Sources : Mustang Chicken Photo | Moodi Foodi Dish Definition : Mustang Chicken Article | Cappy's Restaurant Photo | Cappy's Restaurant Review
News : Junk Food Rewires Our Brains To Not Change Diets

The world is getting sicker and sicker, because of what's on our dinner plates. According to the World Health Organization, global obesity and overweight rates have doubled since 1980. What that means: in 2008, 35 percent of adults over age 20, 1.4 billion people, were overweight; 11 percent were obese. While these conditions mainly used to afflict only the most affluent nations, it’s spread to the point where 65 percent of the world’s population “live in countries where overweight and obesity kills more people than underweight”—in other words, today, more people die from eating too much, and too poorly, than from a lack of food.

Cultural shifts—much of the world has moved from physically intense agrarian societies to relatively sedentary, urban ones—also contribute to higher obesity and overweight rates, because the average person simply isnt’t burning as many calories he or she once did. But junk food has been identified as perhaps the primary culprit in the obesity epidemic. Research has emerged showing that high-calorie, high-fat foods replete with excess sugar and salt are desirable despite their health risks because they can be addictive, rewiring the brain’s reward mechanism just like cocaine does.

New research published today in Frontiers in Psychology gives additional insight into junk food’s further influence on consumers’ diets.

Researchers at the University of New South Wales Australia conducted several studies to see how junk food would impact rats’ weight and dietary preferences. Of course, they found the obvious—junk food “makes rats fat.” But they also determined that junk food-fed rats experienced a reduced desire for novel foods, which is important as this appetitive tendency, innate in animals, typically encourages rats’ to pursue a balanced diet.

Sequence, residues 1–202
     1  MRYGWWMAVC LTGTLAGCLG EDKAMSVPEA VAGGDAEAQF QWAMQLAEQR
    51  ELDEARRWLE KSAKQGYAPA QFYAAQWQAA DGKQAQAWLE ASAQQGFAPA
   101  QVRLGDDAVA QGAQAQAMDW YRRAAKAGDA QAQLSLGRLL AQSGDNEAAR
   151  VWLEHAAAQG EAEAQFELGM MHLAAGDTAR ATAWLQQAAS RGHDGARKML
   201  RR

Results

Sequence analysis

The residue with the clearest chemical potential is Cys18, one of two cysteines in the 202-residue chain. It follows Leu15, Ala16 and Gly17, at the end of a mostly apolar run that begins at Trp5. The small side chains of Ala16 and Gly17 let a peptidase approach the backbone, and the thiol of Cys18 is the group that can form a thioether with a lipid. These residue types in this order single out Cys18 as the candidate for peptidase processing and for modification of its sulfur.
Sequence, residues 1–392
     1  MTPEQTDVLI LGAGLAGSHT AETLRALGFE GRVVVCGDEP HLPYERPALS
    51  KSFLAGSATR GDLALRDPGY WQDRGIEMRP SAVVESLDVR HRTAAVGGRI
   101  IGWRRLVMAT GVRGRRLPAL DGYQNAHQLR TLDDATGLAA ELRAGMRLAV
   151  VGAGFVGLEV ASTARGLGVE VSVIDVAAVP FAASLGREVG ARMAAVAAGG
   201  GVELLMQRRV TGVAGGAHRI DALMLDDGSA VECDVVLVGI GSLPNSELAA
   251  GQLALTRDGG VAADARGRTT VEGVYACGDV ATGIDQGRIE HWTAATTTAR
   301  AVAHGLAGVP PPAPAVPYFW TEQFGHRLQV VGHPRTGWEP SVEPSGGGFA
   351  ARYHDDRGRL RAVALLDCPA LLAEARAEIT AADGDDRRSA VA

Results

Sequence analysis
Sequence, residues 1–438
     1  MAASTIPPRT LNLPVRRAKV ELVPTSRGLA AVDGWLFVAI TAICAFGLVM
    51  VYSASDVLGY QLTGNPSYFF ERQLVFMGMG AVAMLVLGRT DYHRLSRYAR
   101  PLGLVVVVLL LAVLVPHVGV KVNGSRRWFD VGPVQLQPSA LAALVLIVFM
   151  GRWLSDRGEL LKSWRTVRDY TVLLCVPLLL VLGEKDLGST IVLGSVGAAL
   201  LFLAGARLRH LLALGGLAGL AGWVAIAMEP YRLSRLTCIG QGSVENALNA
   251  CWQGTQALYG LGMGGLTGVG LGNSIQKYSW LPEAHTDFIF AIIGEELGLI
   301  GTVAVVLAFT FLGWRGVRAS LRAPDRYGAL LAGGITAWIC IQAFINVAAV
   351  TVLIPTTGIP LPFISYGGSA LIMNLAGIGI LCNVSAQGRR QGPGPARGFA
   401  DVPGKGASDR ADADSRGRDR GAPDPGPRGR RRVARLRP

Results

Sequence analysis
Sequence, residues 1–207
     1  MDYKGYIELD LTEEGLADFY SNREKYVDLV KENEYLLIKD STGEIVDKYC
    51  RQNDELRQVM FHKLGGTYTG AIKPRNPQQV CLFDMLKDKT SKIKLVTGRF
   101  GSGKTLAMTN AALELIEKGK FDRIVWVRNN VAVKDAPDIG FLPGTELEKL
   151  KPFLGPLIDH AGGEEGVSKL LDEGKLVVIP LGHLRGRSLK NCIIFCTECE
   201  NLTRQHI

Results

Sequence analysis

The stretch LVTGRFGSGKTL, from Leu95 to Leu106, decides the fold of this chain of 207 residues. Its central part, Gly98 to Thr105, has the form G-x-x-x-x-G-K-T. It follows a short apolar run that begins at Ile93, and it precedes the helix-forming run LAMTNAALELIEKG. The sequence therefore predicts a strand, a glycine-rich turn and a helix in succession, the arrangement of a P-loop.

“Eating junk food seems to change the response to signals that are associated with food reward,” Prof. Margaret Morris, Head of Pharmacology from the UNSW Australia’s School of Medical Sciences and a study co-author, tells Newsweek.

How did the researchers come to this conclusion?

For several weeks, the team fed one group of animals a diet of healthy rat food, and they fed another group of rats a diet that included not-so-healthy human foods such as pie, dumplings, cookies and cake. Both groups of rats were also given cherry and grape sugar water to drink. The junk food-fed rats wound up weighing 10 percent more than their healthy food-fed counterparts.

In one of the experiments, the team taught these rats to associate cherry and grape sugar water with different sound cues. The healthy rats responded appropriately to the sound cues—that is, if they had just consumed grape sugar water and then heard another cue for grape sugar water, they wouldn’t drink more of it. Junk food-fed rats, on the other hand, would respond to sound cues in an unhealthy manner—if they heard a noise associated with grape sugar water, they would drink said sugar water even if they had just consumed a lot of it. (The same findings hold for cherry sugar water.)

In other words, it appears junk food-fed rats don’t seem to realize when they’ve overindulged in a food (the flavored sugar water); instead, they respond to the sound cues just the same, whereas healthy rats stop responding to the food they just ate.

“We know a lot about food and nutrition and what we should be doing, and yet we’re getting fatter and fatter,” Morris says. “Our sort of diet appears to override an animal’s ability to know it’s just eaten something—they’re just eating indiscriminately, if you will.”